With grilling season approaching, and as more people are vaccinated, cookouts are becoming more frequent and less of an intimate experience, and are more and more involving extended family and friends. It’s only a matter of time before skyward streaks of smoke begin popping up over neighborhoods throughout Orange County, and thousands of grill pros — and amateurs — plate up hot delicacies.
One of the most renowned grill masters in the world is Hillsborough native Chef Eric Gephart. Prior to the pandemic, Gephart could be found grilling on top of a mountain in Austria, or firing up a huge cookout in Australia, or sharing a grill in the Cayman Islands with culinary legends, like the late Anthony Bourdain or José Andreas.
And in between exotic trips to the far reaches of the world, Gephart would return home to Hillsborough and his family. “As soon as I hit the frickin’ airport, I’d come back and me and the family would be at the Nickel. We sit down and I don’t even have to order. Just be with all the familiar faces and friends.”
Gephart grew up locally, went to Cameron Park Elementary, C.W. Stanford Middle School, and graduated from Orange High. He was even an Eagle Scout. After graduating from UNC-Wilmington, Gephart went to New York for culinary school.
Marriage and raising a family brought him back to Hillsborough. Gephart had run a couple of restaurants, including one in Raleigh. One of the signature pieces of equipment for his restaurant was the Kamado Joe ceramic grill. When it came time to close down his business, Gephart reached out to the Kamado Joe company and worked out a plan to throw a party in Australia where the food would be prepared on the company’s grill with Gephart as the chef.
“The owner just saw everybody with their phones out and the social media buzz and he’s like, ‘This is what you’re gonna do.’” Just like that, Chef Eric Gephart is the Global Culinary Director for Kamado Joe, and he’s out showing off the company’s grill all over the globe, and videoing his experiences to share with his growing following on social media platforms.
His favorite place he’s been is Slovenia, although it wasn’t an easy choice. “Slovenia was pretty incredible around the Italian border and the Soča River,” Gephart said. “Fly fishing on the Soča, and catching trout, and then going on top of this crazy mountain and grilling it up. My buddy, Pitmaster X, and I bought a 1974 Jeep Wagoneer and did seven countries in 10 days across Europe. Every country we stopped in we hooked up with a top chef of that country, and then had them take us on a culinary adventure. So we filmed this whole thing and that was pretty incredible and that was one of the places we went to that just blew me away.”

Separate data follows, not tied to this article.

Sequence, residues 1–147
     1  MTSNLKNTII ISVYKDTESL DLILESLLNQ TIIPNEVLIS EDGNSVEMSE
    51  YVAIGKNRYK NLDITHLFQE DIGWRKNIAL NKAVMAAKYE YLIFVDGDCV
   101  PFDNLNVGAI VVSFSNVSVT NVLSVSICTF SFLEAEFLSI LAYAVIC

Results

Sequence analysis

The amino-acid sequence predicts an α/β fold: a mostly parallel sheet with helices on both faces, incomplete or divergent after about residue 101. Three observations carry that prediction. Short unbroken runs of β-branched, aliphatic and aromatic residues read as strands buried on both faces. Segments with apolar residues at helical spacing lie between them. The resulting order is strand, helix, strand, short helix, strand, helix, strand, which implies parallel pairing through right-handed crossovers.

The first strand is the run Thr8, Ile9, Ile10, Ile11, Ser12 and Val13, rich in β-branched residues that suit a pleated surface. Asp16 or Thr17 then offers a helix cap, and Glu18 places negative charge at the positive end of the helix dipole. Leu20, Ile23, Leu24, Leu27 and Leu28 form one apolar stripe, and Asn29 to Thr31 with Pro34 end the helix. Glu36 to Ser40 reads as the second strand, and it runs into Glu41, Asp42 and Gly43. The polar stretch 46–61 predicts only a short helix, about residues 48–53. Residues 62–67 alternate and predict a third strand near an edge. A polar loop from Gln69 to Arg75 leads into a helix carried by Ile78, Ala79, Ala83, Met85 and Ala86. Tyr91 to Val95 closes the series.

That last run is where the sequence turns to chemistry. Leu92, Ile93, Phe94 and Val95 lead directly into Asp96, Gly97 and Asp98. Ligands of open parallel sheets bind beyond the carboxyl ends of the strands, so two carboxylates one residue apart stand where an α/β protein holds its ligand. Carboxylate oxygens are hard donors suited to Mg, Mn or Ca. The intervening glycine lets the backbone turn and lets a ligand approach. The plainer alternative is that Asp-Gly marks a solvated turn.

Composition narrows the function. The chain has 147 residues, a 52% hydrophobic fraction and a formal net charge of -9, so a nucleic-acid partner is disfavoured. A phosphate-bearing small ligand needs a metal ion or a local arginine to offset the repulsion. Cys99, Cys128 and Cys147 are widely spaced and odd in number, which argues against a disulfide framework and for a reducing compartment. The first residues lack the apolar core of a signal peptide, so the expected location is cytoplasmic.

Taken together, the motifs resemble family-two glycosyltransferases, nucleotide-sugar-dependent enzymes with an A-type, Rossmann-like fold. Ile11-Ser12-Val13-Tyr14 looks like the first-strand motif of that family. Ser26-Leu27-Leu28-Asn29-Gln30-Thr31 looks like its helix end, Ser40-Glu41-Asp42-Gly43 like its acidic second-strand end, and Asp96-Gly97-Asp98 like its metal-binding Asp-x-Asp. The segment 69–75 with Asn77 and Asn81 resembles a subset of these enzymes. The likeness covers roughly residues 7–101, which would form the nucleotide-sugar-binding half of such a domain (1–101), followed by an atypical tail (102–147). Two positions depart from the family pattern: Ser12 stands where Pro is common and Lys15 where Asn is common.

But COVID-19 grounded Chef Eric, and even though he misses the opportunity to see new places, he has enjoyed taking his five and nine-year-old daughters on adventures through places he grew familiar with in his childhood.
“We have spent a ton of time just going through the river and fishing. I’ve kind of put them through my own version of scouting, so they’ve done primitive traps and learned how to start fires in a supervised way. I was out in a field that had been freshly plowed the other day with my daughters and we were looking for arrowheads.”
Gephart plays an active role in planning the Kamado Joe grilling events. In contending with the restrictions involved with the pandemic, he cut back on the distance for his next shoot. “I think we’re going out to the Frying Pan Tower, which is off the coast of Southport, about 35 miles out in the ocean, in the heart of the Graveyard of the Atlantic,” he said. “I’m taking a scuba diving boat, my cinematographer, and a couple other guys from Hillsborough, and we’re gonna go out on this tower to do some spearfishing and shoot four or five recipe videos to get Memorial Day and July 4 content.”
During the shelter in place and with more people choosing to play it safe by staying close to home, homeowners are investing more time and money into their homes and outdoor areas.
“Part of that is certainly to do the pandemic and people staying at home,” said Gephart. “Where people are spending money now is upgrading their backyards and their patios. Buying grills has been a big part of that for sure. I think it just boils down to outdoor grilling, and grilling at home has never been more popular, ever. ”
Gephart said he doesn’t miss running a restaurant much, saying that kind of work is the last socially acceptable addiction. “I got sucked into a black hole as you do when you’re part of the restaurant industry. You get sucked down into it it’s addictive. You hang out with these people more than you hang out with your family. Even when I had a day off, or I was home, I wasn’t mentally home. Now, with this job, it’s demanding in a different way, but when I’m home I’m actually present with my kids. I’m not worried about the dishwashers not showing up, or the ice machine is going to break. I miss the physical demands of it, but I get that in the moments when I’m throwing these parties around the world.”
And sometimes he is able to bring his family with him on trips. “My wife jumps on the airplane anytime we go to the Caymans. She loves get down to the beach. We’ve done some stuff down at the Gulf, we’ve gotten down to Mexico, and to California. Every opportunity we get I take them. They get their passports and they’re ready to go,” he said.
To get a closer look at Chef Eric Gephart’s culinary travels, follow
@ericgephart on Instagram.